August and September hold promise for progress on the Anna Maria City Pier.
Anna Maria Mayor Dan Murphy updated county tourism officials Aug. 1 on the status of the pier construction, as well as the planned construction of a restaurant and bait shop at the T-end.
Contributions from Manatee County, totaling $1.935 million after an expected $435,000 addition in August, will be “100 percent from tourist development tax,” said Bradenton Area Convention and Visitor Bureau director Elliott Falcione.
The project — from the commission’s decision to replace and not repair the pier to letting contracts for the walkway and understructure as well as the restaurant and bait shop — has been ongoing for two years, since Hurricane Irma damaged the pier and its amenities in September 2017.
Falcione said the county reimburses Anna Maria after the city facilitates and pays contractors, and he expects county commissioners will vote for the increase in funding Aug. 20 because “he meets one-on-one with them” prior to his budget recommendations.
In an email to Monica Luff, assistant to Falcione, Murphy reported the status of the pier.
- Piles, supports and stringers for the walkway are covered with plywood, awaiting the permanent hardwood ipe decking, so workers can access the end of the pier.
- A concrete platform at the T-end is complete.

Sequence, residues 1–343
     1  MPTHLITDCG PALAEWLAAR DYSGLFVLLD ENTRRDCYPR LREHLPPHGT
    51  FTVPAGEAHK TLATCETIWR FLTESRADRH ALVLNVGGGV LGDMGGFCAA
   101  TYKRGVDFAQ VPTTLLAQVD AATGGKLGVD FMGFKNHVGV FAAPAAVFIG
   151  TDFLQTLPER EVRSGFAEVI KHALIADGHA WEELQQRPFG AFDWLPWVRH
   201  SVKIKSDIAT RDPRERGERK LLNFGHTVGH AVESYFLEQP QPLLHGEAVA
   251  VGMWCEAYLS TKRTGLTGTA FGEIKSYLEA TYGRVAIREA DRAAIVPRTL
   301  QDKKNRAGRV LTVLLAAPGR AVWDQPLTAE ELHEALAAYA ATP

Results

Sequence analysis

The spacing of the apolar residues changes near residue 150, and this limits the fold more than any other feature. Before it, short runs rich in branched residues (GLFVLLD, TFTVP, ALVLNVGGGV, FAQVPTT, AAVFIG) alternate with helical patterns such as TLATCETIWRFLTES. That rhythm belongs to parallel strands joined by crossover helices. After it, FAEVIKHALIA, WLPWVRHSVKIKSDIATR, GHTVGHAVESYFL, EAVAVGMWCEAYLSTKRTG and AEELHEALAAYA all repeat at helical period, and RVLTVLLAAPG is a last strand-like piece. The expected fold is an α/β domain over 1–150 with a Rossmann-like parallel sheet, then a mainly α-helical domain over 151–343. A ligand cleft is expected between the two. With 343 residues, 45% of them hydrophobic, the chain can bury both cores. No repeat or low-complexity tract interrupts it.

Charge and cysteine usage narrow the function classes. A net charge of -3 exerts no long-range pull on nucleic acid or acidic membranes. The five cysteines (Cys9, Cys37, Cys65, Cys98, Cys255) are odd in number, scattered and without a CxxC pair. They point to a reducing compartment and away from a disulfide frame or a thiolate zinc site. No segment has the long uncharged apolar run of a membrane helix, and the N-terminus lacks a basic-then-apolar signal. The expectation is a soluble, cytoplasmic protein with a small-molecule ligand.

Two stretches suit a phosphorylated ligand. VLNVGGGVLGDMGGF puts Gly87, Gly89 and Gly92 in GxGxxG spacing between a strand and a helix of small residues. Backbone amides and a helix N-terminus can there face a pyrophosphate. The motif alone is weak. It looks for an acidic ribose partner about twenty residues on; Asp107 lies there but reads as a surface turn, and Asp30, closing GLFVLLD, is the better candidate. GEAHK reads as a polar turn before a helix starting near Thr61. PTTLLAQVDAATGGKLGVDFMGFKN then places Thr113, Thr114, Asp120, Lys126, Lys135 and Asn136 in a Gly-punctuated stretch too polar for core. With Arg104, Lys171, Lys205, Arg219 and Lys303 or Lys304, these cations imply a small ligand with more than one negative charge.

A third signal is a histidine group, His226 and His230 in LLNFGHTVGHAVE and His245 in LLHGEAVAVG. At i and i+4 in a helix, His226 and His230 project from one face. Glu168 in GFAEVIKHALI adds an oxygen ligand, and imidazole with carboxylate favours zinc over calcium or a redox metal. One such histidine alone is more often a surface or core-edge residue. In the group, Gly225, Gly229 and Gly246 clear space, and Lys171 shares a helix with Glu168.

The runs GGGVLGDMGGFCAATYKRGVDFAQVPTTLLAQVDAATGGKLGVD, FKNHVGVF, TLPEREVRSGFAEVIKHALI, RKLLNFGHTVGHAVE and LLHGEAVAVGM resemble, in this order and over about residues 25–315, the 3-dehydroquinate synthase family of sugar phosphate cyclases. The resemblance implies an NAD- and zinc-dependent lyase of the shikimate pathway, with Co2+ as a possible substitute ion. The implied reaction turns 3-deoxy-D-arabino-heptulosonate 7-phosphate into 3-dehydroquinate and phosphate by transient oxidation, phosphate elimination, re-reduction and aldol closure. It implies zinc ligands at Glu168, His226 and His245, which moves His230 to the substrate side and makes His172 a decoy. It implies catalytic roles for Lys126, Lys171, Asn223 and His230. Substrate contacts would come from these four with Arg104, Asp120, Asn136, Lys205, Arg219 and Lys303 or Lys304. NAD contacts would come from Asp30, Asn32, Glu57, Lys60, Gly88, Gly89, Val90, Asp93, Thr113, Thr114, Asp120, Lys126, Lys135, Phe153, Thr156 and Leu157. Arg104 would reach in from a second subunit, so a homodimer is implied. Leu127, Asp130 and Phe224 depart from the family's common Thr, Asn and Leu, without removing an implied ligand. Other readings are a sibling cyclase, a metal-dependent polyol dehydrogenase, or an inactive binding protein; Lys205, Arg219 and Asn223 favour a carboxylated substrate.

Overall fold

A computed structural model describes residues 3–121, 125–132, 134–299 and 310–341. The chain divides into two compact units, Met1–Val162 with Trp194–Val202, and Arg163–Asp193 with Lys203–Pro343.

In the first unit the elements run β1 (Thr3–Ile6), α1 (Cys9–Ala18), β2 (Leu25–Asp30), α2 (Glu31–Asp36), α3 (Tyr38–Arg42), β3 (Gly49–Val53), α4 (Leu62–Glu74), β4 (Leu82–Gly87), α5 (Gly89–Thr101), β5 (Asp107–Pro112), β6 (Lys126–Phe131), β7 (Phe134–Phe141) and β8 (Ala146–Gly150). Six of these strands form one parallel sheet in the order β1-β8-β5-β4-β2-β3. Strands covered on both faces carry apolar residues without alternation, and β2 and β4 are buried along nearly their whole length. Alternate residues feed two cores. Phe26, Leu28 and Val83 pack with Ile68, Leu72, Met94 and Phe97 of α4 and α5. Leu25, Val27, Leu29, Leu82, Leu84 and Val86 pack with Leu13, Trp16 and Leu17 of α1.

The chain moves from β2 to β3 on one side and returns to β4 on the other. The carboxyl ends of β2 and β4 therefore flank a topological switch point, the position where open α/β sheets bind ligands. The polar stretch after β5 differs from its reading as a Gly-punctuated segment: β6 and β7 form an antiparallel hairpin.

- Conduits for utilities are partially in place.
Looking forward, Murphy anticipated:
- Electrical lines were to be installed the week of Aug. 5 for light posts on the walkway.
- Throughout August, weather permitting, a small boat landing will be framed. Pier planks and T-end fascia also will be installed in August.
According to the mayor, there is an open issue about a fire suppression line.
“We will follow the code. But, as far as its location, material and size, the engineers are wrestling with that,” Murphy told The Islander Aug. 8, adding there should be a resolution in the next couple of months.
In July, Anna Maria commissioners approved a $967,000 contract with Mason Martin of Holmes Beach to construct the restaurant and bait shop. The contract has a Feb. 10, 2020, completion date.
Still undecided is who will be responsible for some of the improvements.
Mario Schoenfelder holds the lease for the restaurant until December 2020, and rent payments have been abated since Hurricane Irma caused much of the pier damage in September 2017.
In November 2018, the city engaged i+conSOUTHEAST with a $3.3 million contract for pier understructure and walkway improvements. The contract completion date, adjusted by change orders, is now Sept. 16, according to Murphy.
The total cost of the pier — demolition, construction and improvements — is budgeted at $5.9 million.
In addition to the county tourist development dollars, the city expects reimbursement from the Federal Emergency Management Agency and the state.
The new pier replaces the historic pier built in 1911, which underwent numerous remodels before it was declared destroyed in 2017.